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Editorial & Opinion | Gary Rosenblatt

01/23/2012 - 19:00 | | Editor And Publisher | Gary Rosenblatt

The issue of who can become a Jew through conversion is controversial and critical to determining the essence of the Jewish character, and as timely as the current headlines from Jerusalem.

01/09/2012 - 19:00 | | Editor And Publisher | Gary Rosenblatt

Growing up, I considered Sephardic rituals and customs to be exotic, maybe even odd, if I thought about them at all. I knew, for example, that eating rice on Passover was allowed in Sephardic homes, a strict prohibition in mine and everyone else’s I knew, as Ashkenazim. And I considered their prayerbook nusach, or style, annoying since it was different from what I knew, and therefore hard for me to follow.

01/02/2012 - 19:00 | | Editor and Publisher | Gary Rosenblatt

Before there was Birthright Israel, the most successful Jewish communal effort to increase Jewish identity among young people, there was The Israel Experience, a like-minded effort — and acknowledged failure.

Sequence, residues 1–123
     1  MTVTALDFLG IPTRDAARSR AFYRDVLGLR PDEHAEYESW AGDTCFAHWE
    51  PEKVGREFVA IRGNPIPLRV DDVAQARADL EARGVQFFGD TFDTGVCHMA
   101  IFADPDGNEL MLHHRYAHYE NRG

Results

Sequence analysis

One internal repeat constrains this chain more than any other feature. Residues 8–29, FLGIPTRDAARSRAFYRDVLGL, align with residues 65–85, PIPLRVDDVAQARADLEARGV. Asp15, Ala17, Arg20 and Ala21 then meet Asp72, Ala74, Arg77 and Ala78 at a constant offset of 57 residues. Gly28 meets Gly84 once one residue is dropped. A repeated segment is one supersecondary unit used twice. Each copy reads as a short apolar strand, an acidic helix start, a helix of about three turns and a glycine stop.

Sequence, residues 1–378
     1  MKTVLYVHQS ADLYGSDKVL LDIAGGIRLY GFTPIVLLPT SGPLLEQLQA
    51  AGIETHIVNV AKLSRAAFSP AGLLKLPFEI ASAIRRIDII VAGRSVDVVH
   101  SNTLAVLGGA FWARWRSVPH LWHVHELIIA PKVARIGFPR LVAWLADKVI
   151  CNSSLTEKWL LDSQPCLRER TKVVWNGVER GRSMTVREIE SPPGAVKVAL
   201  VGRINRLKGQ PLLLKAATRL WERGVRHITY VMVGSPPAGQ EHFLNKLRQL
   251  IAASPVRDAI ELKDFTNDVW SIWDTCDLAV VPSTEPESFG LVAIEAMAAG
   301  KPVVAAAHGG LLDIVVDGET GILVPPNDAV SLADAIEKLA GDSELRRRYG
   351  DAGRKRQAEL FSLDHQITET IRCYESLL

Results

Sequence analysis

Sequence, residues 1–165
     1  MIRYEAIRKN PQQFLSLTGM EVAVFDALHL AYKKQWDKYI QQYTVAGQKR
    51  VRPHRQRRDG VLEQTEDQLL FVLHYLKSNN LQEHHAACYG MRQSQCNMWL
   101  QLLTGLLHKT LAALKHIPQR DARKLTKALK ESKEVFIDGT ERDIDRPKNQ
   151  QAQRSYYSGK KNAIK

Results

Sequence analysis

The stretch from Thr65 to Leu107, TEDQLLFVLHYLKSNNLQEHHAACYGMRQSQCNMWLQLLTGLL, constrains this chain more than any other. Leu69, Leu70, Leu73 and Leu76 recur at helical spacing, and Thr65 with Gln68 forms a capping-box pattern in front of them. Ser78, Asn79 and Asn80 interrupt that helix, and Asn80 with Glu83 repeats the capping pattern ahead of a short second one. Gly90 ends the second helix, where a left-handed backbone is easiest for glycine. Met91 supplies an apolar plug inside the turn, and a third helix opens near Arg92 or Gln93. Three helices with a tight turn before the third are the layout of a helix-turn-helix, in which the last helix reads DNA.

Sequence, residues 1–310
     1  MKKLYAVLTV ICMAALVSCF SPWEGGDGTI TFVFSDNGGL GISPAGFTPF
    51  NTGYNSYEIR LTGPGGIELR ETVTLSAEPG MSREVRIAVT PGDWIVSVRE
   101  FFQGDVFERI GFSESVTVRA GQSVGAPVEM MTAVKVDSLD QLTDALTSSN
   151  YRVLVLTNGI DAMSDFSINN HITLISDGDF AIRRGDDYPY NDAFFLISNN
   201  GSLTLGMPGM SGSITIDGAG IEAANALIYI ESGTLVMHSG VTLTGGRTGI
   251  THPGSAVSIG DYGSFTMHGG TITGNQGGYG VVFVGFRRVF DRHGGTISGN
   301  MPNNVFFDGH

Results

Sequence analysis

Jeffrey Solomon, president of the Andrea and Charles Bronfman Family Philanthropies, recalls that Charles Bronfman announced the launch of The Israel Experience in 1992, amid great fanfare, at the major annual convention of North American Jewish federations.

12/26/2011 - 19:00 | | Editor And Publisher | Gary Rosenblatt

If you’re an optimist and were asked to name three of the most significant Jewish events of the past 12 months, you might cite the release and emotional homecoming of Gilad Shalit after more than five years in captivity; the protest movement that spread across the Arab world, signaling an end or challenge to autocratic rule and a push for democracy; and a Jerusalem-Washington relationship bolstered by new military and strategic advances, and politically by America’s decisive efforts to thwart Palestinian efforts to achieve statehood through the United Nations and to prevent a nu

12/19/2011 - 19:00 | | Editor And Publisher | Gary Rosenblatt

Chanukah, among its many meanings, reminds us that assimilation is not a new problem. Throughout history small pockets of traditionalists have sought to maintain their faith while larger numbers have been lost to the dominant culture or, too often, to the forces of anti-Semitism, coercion and murder.

12/12/2011 - 19:00 | | Editor and Publisher | Gary Rosenblatt

This week’s biennial convention of the Union for Reform Judaism (URJ), marking the transition to new leadership at the helm, is being hailed as a celebration, and one can see why.